This example is purposely simple: it defines a single method that responds to GET requests to URIs of the format /object/id and returns a new instance of a simple bean called MyObject (shown in listing 3.) Because the MyObject class is not handled by another converter it falls through the converter stack to the MappingJacksonHttpMessageConverter and is returned as JSON.

Listing 3. MyObject.java

package com.geekcap.jsonexample;

/**
 * Sample Object
 * @author shaines
 */
public class MyObject 
{
    private String id;
    private String name;

    public MyObject()
    {
    }

    public MyObject(String id, String name)
    {
        this.id = id;
        this.name = name;
    }

    public String getId()
    {
        return id;
    }

    public void setId(String id)
    {
        this.id = id;
    }

    public String getName()
    {
        return name;
    }

    public void setName(String name)
    {
        this.name = name;
    }
}

MyObject is a simple bean, but with the MappingJacksonHttpMessageConvter you can pass more complex objects, with nested objects, and it will handle it seamlessly for you.

The final two pieces to this example are the web.xml file and the pom.xml file, shown in listings 4 and 5, respectively.

Listing 4. web.xml

<?xml version="1.0" encoding="UTF-8"?>
<web-app xmlns:xsi="http://www.w3.org/2001/XMLSchema-instance"
         xmlns="http://java.sun.com/xml/ns/javaee" xmlns:web="http://java.sun.com/xml/ns/javaee/web-app_2_5.xsd"
         xsi:schemaLocation="http://java.sun.com/xml/ns/javaee http://java.sun.com/xml/ns/javaee/web-app_2_5.xsd"
         version="2.5">

    <display-name>JSON Example Web Services</display-name>

    <servlet>
        <servlet-name>jsonexample</servlet-name>
        <servlet-class>org.springframework.web.servlet.DispatcherServlet</servlet-class>
        <load-on-startup>1</load-on-startup>
    </servlet>

    <servlet-mapping>
        <servlet-name>jsonexample</servlet-name>
        <url-pattern>/*</url-pattern>
    </servlet-mapping>
</web-app>

Listing 5. pom.xml

<project xmlns="http://maven.apache.org/POM/4.0.0" xmlns:xsi="http://www.w3.org/2001/XMLSchema-instance"
         xsi:schemaLocation="http://maven.apache.org/POM/4.0.0 http://maven.apache.org/maven-v4_0_0.xsd">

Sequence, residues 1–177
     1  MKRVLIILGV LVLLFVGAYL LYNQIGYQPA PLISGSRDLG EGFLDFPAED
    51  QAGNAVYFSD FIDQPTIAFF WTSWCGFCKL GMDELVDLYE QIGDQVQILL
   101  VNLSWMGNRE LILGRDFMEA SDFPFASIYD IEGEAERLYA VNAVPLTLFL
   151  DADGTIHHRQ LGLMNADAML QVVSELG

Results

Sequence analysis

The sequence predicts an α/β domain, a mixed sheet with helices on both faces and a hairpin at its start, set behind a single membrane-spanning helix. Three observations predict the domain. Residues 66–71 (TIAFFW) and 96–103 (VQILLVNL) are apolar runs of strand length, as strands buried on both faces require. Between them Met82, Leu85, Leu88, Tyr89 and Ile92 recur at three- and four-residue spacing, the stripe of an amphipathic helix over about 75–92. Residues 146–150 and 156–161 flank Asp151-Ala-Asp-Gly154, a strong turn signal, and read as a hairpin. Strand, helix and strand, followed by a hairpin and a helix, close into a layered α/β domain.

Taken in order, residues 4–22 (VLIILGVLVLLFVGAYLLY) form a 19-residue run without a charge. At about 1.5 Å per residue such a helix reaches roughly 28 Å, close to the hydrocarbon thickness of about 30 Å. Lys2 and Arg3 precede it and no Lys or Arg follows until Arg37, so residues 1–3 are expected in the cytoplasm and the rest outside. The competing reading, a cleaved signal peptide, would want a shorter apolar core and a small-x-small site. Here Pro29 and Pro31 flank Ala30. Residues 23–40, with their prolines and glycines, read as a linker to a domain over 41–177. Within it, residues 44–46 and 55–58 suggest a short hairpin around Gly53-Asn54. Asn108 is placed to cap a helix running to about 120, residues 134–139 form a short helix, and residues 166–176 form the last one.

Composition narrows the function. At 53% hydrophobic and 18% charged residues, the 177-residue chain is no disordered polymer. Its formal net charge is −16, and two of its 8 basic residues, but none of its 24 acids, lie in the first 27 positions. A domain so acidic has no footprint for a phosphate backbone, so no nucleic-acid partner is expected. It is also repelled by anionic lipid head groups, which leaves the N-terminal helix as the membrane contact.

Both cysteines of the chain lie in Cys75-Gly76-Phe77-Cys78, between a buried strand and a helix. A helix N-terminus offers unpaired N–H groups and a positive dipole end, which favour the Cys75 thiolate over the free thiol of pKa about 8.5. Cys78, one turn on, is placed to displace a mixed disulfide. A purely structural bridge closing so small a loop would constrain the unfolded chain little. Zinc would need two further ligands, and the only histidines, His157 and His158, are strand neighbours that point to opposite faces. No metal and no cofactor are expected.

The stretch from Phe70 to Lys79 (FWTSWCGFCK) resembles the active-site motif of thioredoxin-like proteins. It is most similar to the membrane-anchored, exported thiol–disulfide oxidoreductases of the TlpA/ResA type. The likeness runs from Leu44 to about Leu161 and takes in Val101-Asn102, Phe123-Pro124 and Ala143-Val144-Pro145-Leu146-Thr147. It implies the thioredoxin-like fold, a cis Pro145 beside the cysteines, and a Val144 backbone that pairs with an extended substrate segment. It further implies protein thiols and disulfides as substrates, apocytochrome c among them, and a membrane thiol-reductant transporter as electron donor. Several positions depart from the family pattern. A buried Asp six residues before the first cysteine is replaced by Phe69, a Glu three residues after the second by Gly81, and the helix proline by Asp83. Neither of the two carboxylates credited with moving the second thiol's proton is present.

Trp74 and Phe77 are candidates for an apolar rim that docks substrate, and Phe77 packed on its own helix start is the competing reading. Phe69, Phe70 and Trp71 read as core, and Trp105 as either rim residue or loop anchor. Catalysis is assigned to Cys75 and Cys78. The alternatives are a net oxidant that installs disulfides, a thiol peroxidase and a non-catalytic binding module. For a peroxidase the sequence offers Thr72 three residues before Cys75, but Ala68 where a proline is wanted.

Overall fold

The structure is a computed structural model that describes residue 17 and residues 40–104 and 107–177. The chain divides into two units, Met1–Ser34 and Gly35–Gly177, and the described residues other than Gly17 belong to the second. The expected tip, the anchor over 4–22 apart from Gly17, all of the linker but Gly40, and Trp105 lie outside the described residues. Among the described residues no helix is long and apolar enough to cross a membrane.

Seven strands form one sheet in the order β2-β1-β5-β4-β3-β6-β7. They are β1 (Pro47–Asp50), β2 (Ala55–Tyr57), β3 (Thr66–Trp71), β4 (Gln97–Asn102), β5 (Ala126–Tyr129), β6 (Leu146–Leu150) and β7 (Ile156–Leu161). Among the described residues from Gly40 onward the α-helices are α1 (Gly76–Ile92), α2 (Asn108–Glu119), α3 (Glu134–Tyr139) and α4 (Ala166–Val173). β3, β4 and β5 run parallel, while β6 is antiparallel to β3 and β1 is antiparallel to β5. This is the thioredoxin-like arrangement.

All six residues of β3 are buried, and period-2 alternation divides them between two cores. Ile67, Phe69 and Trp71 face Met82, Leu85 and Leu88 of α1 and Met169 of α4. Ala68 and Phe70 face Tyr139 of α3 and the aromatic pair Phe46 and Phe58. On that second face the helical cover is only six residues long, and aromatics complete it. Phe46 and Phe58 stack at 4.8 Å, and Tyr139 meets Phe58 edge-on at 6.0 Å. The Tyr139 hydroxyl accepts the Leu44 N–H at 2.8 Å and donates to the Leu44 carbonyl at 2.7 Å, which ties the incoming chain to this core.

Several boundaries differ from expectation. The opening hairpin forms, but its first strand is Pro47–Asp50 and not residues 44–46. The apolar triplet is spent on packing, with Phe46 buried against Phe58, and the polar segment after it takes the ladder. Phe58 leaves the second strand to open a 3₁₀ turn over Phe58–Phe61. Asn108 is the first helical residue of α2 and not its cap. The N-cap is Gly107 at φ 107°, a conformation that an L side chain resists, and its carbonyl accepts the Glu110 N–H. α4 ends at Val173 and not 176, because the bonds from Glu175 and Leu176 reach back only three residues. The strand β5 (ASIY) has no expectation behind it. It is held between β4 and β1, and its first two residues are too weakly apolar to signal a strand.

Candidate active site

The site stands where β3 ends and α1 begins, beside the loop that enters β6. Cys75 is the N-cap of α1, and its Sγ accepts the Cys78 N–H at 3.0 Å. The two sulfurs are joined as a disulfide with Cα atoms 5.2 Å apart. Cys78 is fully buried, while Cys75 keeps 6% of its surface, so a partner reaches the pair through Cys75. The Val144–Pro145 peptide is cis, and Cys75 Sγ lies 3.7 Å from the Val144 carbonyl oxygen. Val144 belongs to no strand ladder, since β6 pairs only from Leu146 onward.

<modelVersion>4.0.0</modelVersion>
    <groupId>com.geekcap.spring3</groupId>
    <artifactId>jsonexample</artifactId>
    <packaging>war</packaging>
    <version>1.0-SNAPSHOT</version>
    <name>JSON Example RESTful Web Service</name>
    <url>http://maven.apache.org</url>
    <properties>
        <spring.version>3.0.4.RELEASE</spring.version>
        <java.version>1.6</java.version>
        <servlet-api.version>2.5</servlet-api.version>
    </properties>

    <dependencies>
        <!-- Spring Dependencies -->
        <dependency>
            <groupId>org.springframework</groupId>
            <artifactId>spring-context</artifactId>
            <version>${spring.version}</version>
        </dependency>
        <dependency>
            <groupId>org.springframework</groupId>
            <artifactId>spring-core</artifactId>
            <version>${spring.version}</version>
        </dependency>
        <dependency>
            <groupId>org.springframework</groupId>
            <artifactId>spring-web</artifactId>
            <version>${spring.version}</version>
        </dependency>
        
        <dependency>
            <groupId>org.springframework</groupId>
            <artifactId>spring-webmvc</artifactId>
            <version>${spring.version}</version>
        </dependency>
        <dependency>
            <groupId>org.springframework</groupId>
            <artifactId>spring-beans</artifactId>
            <version>${spring.version}</version>
        </dependency>
        <dependency>
            <groupId>org.springframework</groupId>
            <artifactId>spring-oxm</artifactId>
            <version>${spring.version}</version>
        </dependency>
        <dependency>
            <groupId>javax.servlet</groupId>
            <artifactId>servlet-api</artifactId>
            <version>${servlet-api.version}</version>
            <scope>provided</scope>
        </dependency>

        <dependency>
            <groupId>org.codehaus.jackson</groupId>
            <artifactId>jackson-jaxrs</artifactId>
            <version>1.6.1</version>
        </dependency>


        <dependency>
            <groupId>junit</groupId>
            <artifactId>junit</artifactId>
            <version>4.6</version>
            <scope>test</scope>
        </dependency>
    </dependencies>

    <build>
        <plugins>
            <plugin>
                <groupId>org.apache.maven.plugins</groupId>
                <artifactId>maven-compiler-plugin</artifactId>
                <configuration>
                    <source>${java.version}</source>
                    <target>${java.version}</target>
                </configuration>
            </plugin>
            
        </plugins>

        <finalName>jsonexample</finalName>
    </build>
</project>

These two files are standard to any Spring MVC application.

Build this project and copy jsonexample.war to your Tomcat’s webapps directory (or deploy it however your web container dictates) and you can access it through the following URL:

http://localhost:8080/jsonexample/object/myid

The only challenge that you may face is that JSON is returned with the content type application/json and the browser does not want to natively show it. You can either save the file and review it (your browser will prompt you) or you can use a tool like curl or the FireFox Poster plug-in. I personally find the Poster plug-in to be my tool of choice when testing RESTful web services during development because it allows you to execute GET, POST, PUT, and DELETE HTTP commands, including the ability to submit data contained in files.

JSON is a simple way of representing data that can be consumed by any platform, but most commonly web browsers via JavaScript. By using the correct converter you can easily render JSON responses using Spring 3.